Today’s cold weather is a reminder that winter can come early to Wisconsin. With that being said, the cold and flu season will soon be upon us. Here are some helpful tips in ensuring that your son or daughter stays healthy this winter season.
1. Pay attention to your symptoms. No one likes getting sick. Unfortunately, we tend to “push past” how we feel and keep going. Getting sick means slowing down—and sometimes stopping. Teach your kids this by what you say and do. Colds and flu usually give you symptoms in waves. Slow way down (or stop) when you feel really ill. Do quiet activities as you feel a bit better.
2. Get extra rest. If you’re sick, rest helps your body focus on fighting your illness. Take naps. Sleep longer. During cold and flu season, it may be helpful to try to get a bit more rest to avoid getting sick.
3. Wash your hands regularly. Experts recommend washing your hands for at least 20 seconds. Teach young children to sing aloud one verse of “Twinkle, Twinkle, Little Star,” to know how long to wash.
4. Follow the seven- to 10-day rule. The American Academy of Pediatrics says that most viral illnesses (that can’t be treated with antibiotics) will last seven to 10 days.
5. Watch for other symptoms. If you or your child has allergies, asthma, or another type of illness, a cold or flu can flatten them longer.
6. Don’t go to school or work until after a fever breaks. The sick person needs to be fever free for at least 24 hours (without the use of any medicine) before going back into public.
7. Blow your nose often. Sniffing the mucous back into your head doesn’t help. Blow it out, but blow gently. Blowing too hard can cause earaches.
8. Support and care for the sick person. Help make the person comfortable. Give the person space to rest and recover.
9. Eat foods and liquids that help. Drink lots of liquids, especially hot liquids, for colds. If you’re vomiting from the flu, wait about an hour to eat or drink after vomiting. Try a little bit of water or flat lemon-lime soda and see if it stays down.
10. Be patient. When you’re sick, it can feel like you’re sick for a long time. Give yourself (or your child) time to recover.
We want you here but we want you healthy. Please let us know how we can assist in the health of your son or daughter.
Regular school attendance is one of the most important factors in making sure that students receive a good education. Students who attend regularly have a much greater chance of doing well on report cards and state and district assessments. If students are not here it makes it tough to learn due to missing the core instruction delivered by a quality teacher. This is a lifelong skill that will ensure success in your student’s future. Employers consider regular attendance to be one of the most important assets in a quality employee. This pattern of behavior starts early on in life during their PK-12 education.
The following are some things that you can do to encourage a pattern of good attendance for your son or daughter.
Help your child get to school on time every day. Teach your child how to set and use an alarm clock, and keep the television turned off in the morning.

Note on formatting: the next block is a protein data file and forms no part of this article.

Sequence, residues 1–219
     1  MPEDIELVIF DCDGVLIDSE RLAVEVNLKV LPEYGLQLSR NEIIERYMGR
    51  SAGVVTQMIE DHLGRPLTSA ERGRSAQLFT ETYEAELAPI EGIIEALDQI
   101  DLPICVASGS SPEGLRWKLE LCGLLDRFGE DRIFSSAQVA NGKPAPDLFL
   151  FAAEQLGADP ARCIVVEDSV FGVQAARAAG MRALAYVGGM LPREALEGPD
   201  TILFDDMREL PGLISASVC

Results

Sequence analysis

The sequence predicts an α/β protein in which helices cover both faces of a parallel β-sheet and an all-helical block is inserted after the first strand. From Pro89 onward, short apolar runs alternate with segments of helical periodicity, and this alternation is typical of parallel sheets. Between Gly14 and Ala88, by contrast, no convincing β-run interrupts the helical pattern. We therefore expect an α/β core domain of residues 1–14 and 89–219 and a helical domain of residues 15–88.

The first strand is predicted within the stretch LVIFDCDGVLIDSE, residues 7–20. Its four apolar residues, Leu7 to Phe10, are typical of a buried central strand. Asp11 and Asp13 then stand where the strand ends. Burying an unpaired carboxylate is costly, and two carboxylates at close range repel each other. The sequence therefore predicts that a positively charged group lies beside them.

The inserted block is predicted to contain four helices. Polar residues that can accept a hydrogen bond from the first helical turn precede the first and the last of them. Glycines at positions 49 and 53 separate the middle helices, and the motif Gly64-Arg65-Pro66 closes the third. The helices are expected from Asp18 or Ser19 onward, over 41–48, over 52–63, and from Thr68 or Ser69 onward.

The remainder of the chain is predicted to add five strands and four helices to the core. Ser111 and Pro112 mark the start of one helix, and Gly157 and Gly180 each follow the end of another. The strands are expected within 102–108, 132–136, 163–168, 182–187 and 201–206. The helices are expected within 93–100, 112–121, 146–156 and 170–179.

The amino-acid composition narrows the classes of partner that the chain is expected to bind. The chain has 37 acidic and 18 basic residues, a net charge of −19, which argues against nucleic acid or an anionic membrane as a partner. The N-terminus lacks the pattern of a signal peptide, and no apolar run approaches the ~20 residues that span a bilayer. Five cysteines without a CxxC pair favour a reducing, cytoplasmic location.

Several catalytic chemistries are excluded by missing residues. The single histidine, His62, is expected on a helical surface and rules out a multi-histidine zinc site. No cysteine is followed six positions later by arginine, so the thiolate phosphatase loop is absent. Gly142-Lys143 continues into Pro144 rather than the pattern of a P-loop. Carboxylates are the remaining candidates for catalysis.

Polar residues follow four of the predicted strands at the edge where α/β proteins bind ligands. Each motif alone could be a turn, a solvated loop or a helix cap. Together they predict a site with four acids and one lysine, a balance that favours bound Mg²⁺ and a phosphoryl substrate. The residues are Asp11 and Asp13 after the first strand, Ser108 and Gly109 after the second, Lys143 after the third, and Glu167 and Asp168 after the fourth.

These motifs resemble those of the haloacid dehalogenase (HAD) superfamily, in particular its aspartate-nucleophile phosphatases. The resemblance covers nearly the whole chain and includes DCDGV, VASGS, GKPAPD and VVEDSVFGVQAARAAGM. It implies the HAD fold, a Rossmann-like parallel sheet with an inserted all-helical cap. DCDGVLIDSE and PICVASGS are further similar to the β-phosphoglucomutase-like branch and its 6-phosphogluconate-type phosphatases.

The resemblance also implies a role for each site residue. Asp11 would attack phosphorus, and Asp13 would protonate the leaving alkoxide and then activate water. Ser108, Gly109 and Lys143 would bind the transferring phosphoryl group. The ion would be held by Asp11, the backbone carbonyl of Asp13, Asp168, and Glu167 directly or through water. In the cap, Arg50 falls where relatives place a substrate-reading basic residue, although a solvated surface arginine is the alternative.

Check homework. Check each night to see that your child understands and completes the day's homework assignments.
Take an active role. Stay involved with your child's daily experiences at school by asking how the school day went, and then listening carefully to what your child shares with you both the successes and struggles. Make it a point to meet with your child's teachers and friends.
Locate potential sources of anxiety. If your child frequently appears upset or reluctant to go to school and cannot tell you why, schedule an appointment with his or her teacher or school counselor to talk about possible sources of the anxiety.
Keep updated on school events and announcements. Read the school documents that your child brings home and take note of important announcements and dates such as parent-teacher conferences.
Try to limit the amount of time that your child misses school due to medical appointments or illness. If possible, avoid scheduling doctor's appointments during the school day. Allow your child to stay home only in the case of contagious or severe illnesses.
Students who miss days, weeks, or months of school at a time will have a difficult time passing their courses and catching up to their peers. For older students, prolonged absences may make it very difficult to graduate from high school.
Schedule family events with your child's school schedule in mind. Plan holiday celebrations or family trips during weekends or school vacations. In the case of family emergencies or unexpected trips, talk to your child's teacher as far in advance as possible and set up a way that your child can work ahead or bring important homework on the trip.
Plan ahead. Encourage your child to prepare for the next school day by laying out clothes the night before and helping to fix lunches.
Promote good health. Make sure that your child eats a balanced diet with plenty of fruits and vegetables, and has opportunities to exercise every day through a sports team or playtime outside.
Create a restful environment. Make sure that your child can relax before bedtime by doing something quiet like reading rather than do something stimulating, like watching television. Ensure that your child gets enough quality sleep ideal amounts range from 8 to 12 hours. Getting enough sleep will help him or her get up on time, be refreshed in the morning, and feel ready for a full day of learning ahead!
By making your child's school attendance a priority, you will be taking an important step in supporting your child's school success, and setting a good example. Remember every day counts!
Please encourage your son or daughter to commit to regular school attendance.